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Wed, Oct. 23

Column: USGS model worthy of use

Three recent articles in The Daily Courier have discussed the newly completed U.S. Geological Survey's (USGS) model of the Verde River groundwater system and the unwillingness of Prescott-area officials to use the model for one of its major intended purposes, i.e., to assist state and local officials in the management of their groundwater resources. Because of this developing conflict, the Citizens Water Advocacy Group (CWAG) asked me to provide a hydrologist's perspective on the model's value.

The numerical model will predict the feasibility of proposed groundwater pumping scenarios, and it will also predict the hydrologic consequences of existing and proposed pumping. In the Big and Little Chino Valleys, the model will predict the impact of existing and proposed pumping on the Verde River.

Given the reliance of the tri-cities on groundwater to meet existing and future demand for water, the model's ability to predict the feasibility of proposed pumping scenarios is locally very important.  We are currently over-pumping our supply, making it imperative that we understand how much is available. This, in turn, would allow us to institute better management practices than are currently in place, if our supply is to be sustainable for the long term. Failure to do this will result in an eventual drying up of our water supply.  Importantly, significant damage will occur as our groundwater diminishes. Indeed we have already seen effects from over-pumping.

Hydrologists are united in the concept that groundwater and surface water are a single resource. Thus pumping of groundwater will ultimately reduce the amount of water flowing to our springs, streams and rivers. It is clear from studies performed and data collected by the Arizona Department of Water Resources and the USGS that ground water pumping has reduced the flow of the Verde River. As pumping increases, this reduction will continue to increase over time. Unfortunately, the state of Arizona does not recognize the fact that groundwater and surface water are hydrologically connected and from a legal standpoint, essentially manages them as two separate entities. This fact significantly limits the ability of the state or individuals to protect Arizona's two remaining high priority rivers, the San Pedro and the Verde.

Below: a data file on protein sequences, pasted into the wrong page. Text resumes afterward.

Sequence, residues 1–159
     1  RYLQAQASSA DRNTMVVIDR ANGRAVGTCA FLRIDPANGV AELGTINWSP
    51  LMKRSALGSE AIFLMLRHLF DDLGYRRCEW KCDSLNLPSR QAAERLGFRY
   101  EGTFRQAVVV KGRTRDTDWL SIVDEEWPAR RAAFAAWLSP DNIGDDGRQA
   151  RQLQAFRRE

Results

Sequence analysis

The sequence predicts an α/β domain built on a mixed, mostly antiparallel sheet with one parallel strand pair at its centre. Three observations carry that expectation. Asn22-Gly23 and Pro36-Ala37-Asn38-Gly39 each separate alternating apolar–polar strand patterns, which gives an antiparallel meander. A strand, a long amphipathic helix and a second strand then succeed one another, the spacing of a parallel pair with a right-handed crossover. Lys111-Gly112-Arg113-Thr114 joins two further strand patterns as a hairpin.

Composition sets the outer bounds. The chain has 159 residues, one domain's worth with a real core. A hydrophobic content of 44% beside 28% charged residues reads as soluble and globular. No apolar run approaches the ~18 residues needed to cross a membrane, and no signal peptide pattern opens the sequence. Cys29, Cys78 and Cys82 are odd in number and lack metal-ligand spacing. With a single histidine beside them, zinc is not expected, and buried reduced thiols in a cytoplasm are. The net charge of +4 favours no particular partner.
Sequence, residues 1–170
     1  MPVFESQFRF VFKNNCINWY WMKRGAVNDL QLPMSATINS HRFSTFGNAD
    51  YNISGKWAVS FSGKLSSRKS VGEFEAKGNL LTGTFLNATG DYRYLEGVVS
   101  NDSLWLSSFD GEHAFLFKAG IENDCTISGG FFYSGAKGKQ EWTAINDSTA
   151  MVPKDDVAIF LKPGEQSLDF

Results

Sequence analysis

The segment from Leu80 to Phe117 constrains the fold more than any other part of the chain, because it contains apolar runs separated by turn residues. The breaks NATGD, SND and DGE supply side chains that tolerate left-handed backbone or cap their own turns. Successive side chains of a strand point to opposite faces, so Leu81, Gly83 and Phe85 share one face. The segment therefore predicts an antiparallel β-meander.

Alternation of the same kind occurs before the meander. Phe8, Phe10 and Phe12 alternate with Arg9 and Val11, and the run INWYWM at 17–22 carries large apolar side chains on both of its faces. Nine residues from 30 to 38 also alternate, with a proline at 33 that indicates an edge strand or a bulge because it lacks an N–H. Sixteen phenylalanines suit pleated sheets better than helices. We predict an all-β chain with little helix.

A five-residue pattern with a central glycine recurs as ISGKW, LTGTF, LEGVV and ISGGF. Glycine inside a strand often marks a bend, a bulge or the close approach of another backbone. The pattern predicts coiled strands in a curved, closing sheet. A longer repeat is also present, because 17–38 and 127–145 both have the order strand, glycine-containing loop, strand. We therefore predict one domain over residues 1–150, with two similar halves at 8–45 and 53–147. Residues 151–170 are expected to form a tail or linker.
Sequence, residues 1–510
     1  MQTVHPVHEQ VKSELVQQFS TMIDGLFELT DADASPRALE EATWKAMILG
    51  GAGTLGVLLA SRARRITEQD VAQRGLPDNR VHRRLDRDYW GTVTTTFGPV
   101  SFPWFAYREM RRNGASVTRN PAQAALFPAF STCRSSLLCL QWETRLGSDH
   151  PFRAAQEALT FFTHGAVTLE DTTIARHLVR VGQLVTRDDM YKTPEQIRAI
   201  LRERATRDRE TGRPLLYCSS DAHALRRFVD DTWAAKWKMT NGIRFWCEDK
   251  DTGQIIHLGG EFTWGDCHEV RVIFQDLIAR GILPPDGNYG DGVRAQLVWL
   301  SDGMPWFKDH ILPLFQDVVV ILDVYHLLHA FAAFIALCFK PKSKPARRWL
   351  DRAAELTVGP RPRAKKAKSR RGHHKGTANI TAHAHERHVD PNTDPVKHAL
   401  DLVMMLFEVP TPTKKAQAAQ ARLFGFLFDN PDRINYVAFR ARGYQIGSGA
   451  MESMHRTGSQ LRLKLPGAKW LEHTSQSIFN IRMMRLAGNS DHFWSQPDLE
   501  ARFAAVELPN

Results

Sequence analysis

Although the present over-pumping of our groundwater system cannot go on forever, there is no existing plan or legal requirement to actually balance pumping with the system's ability to supply water indefinitely. There is a state goal to bring our source of supply into balance with pumping, but this is just a goal and there are no plans to make it happen. Rather than reducing demand or augmenting supply to the point that the system becomes balanced, demand is expected to continue to outpace supply.  Despite these limitations, for our sake and that of our children, we need to understand the limitations of our aquifers and the consequences on the Verde River of withdrawing water from them.  

The USGS model encompasses a large part of northern Arizona and includes the Little Chino, Big Chino, and Middle Verde Valleys.  As stated by the USGS, "the model can be used by resource managers to examine the hydrologic consequences of various groundwater development and climate-change scenarios for regions that are sub-basin or larger in area." This means that it would provide local officials, who have pledged to not harm the Verde River, with the ability to predict the impact of proposed and existing pumping in both the Big and Little Chino Valleys on the river. As recognized by the hydrologic community at large, the model is also the best scientific tool available for making this analysis.  

The USGS did not create their model in a vacuum. The scientists that constructed the model are highly regarded hydrologists in Arizona and within the USGS at large. They had a technical advisory committee of state and university officials helping to guide its construction and following completion, the model underwent extensive scientific review. It took years to build and cost over one million dollars to complete. The Yavapai County Water Advisory Committee contributed funds to the effort and underwrote costs associated with developing pumping scenarios to be tested on the model.  These scenarios need to be run on the model so that local officials and the public will be better informed. Others have already begun to use the model. So should we.

Submit your questions and comments to

Gary Beverly, Ph.D. will discuss Upper Verde River issues when CWAG meets on Nov. 12 at the Granite Peak Unitarian Universalist Congregation, 882 Sunset. Details at .

Bill Meyer is a retired USGS hydrologist with more than 40 years' experience in quantifying groundwater resources and the impact of wells on rivers. He was Scientist-in-Charge of the USGS Pacific Islands Water Science Center when he retired. For the past 10 years he has advised our local officials and citizenry on our water supply issues.

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